His previous appearance came on Wednesday in Toronto, where Coleman also recorded all three outs on strikeouts, while allowing one hit in one inning of relief.
"My arm feels good right now," Coleman said. "Sometimes you get in stretches where the ball runs sharper. You just get in that groove and go with it, and right now everything is feeling pretty good for me."
Going into Sunday's series finale, Coleman was 0-0 with a 4.50 ERA in 19 appearances this year for Kansas City. He had 29 strikeouts and yielded 21 hits in 24 innings. For his career, Coleman is 1-4 with a 3.33 ERA in 67 games over two years.
Coleman was 0-1 with a 3.86 ERA and two saves at Omaha. However, the hard thrower also had 16 strikeouts and just four walks in seven innings. The 26-year-old is not trying to strike batters out, and in fact would sometimes prefer to get a "one- or two-pitch out."
Coleman did say that there is a different feel that he can get on the baseball based on the weather conditions.
"Every pitcher will experience different things, but a lot of the guys feel the ball doesn't move as much in a place like Arizona where the air is really dry," Coleman said. "When it's humid like it has been lately, you can get that extra tackiness on the ball and just that little extra grip can make a difference."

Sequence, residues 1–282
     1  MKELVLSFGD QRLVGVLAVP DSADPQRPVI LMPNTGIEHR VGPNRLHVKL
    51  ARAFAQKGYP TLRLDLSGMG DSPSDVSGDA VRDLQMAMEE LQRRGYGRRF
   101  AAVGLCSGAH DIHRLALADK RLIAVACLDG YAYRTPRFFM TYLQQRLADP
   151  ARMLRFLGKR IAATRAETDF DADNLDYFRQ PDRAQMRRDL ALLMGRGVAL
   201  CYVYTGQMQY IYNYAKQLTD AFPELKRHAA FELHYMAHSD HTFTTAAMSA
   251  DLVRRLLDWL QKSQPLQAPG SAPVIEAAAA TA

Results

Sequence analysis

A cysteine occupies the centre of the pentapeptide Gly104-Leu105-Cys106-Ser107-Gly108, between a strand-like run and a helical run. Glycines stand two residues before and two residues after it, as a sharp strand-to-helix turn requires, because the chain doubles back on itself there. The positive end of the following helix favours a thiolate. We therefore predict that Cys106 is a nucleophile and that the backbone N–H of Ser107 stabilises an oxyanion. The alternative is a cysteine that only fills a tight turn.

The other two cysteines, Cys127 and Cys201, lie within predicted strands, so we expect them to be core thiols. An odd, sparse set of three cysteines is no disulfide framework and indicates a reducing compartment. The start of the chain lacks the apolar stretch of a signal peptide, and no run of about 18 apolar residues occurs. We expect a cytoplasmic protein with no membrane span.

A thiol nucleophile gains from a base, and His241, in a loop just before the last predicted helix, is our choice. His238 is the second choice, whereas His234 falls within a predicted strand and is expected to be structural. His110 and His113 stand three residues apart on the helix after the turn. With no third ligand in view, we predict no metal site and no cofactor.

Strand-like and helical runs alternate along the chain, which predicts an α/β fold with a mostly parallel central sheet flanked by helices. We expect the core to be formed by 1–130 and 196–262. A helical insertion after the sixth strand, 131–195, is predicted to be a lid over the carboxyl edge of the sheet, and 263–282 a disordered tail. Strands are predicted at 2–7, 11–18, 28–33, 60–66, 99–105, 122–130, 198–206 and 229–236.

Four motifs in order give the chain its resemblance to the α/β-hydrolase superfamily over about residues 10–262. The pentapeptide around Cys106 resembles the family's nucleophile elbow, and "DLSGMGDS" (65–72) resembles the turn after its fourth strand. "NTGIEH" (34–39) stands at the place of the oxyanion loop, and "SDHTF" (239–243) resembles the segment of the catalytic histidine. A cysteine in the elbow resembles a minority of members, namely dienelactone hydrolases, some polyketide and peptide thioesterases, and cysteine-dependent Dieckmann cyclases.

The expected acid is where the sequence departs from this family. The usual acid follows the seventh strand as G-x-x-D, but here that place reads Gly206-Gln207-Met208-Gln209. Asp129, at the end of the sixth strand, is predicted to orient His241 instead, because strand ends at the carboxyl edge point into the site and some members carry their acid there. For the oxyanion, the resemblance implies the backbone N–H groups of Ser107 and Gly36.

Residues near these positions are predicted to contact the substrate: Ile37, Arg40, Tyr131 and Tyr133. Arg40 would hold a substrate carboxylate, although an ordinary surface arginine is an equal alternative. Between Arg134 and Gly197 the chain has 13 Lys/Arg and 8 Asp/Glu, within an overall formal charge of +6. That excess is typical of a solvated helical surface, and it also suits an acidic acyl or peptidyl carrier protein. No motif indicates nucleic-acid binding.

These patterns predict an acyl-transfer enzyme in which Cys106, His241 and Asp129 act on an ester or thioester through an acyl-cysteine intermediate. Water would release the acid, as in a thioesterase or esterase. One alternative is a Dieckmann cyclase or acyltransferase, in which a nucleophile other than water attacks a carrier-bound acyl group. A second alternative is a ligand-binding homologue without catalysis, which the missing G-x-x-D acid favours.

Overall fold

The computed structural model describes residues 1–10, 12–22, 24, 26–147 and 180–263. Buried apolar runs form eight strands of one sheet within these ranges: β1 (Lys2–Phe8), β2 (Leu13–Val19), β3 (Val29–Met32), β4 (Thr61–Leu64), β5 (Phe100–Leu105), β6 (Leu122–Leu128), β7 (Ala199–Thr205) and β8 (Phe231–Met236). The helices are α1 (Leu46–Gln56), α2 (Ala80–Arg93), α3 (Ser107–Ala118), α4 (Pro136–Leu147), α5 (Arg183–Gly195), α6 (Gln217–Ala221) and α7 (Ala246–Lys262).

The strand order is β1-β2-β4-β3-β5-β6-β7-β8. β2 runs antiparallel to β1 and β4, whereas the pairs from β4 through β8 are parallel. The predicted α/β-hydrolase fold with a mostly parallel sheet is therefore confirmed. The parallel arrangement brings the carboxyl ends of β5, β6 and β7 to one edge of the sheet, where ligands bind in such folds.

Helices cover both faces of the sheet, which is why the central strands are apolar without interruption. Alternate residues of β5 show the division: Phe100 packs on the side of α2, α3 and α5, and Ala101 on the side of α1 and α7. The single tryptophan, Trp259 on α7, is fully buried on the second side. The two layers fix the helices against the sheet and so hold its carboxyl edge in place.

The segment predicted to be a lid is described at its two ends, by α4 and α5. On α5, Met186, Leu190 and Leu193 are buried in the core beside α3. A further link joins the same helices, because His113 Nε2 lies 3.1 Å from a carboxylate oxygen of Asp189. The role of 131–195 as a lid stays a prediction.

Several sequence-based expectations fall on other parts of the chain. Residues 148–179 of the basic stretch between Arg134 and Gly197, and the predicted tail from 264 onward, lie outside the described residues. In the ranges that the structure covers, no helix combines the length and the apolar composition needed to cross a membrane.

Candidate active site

Manager Ned Yost said Coleman has traditionally been very effective against right-handers, and plans to use him in that capacity.
"He can help us eat up some innings," Yost said. "He has really good stuff."
As part of a deep bullpen, Coleman knows he will have to compete hard to maintain his spot on the Major League team. He admits that it can be a bit frustrating to move back and forth between Kansas City and Omaha, but he feels fortunate to be playing a game for a living.
"Me and Nate [Adcock], we're happy to be up here, but we know we are competing for a spot with everyone else. Yet it's great to be part of a team with so many great arms. If [closer Jonathan] Broxton has pitched a few games in a row, then really any of us out of the 'pen could step in and be a closer.
"My dad is a farmer [in his native Mississippi] and I know how hard of work that is. I am playing baseball for a living, so I feel blessed."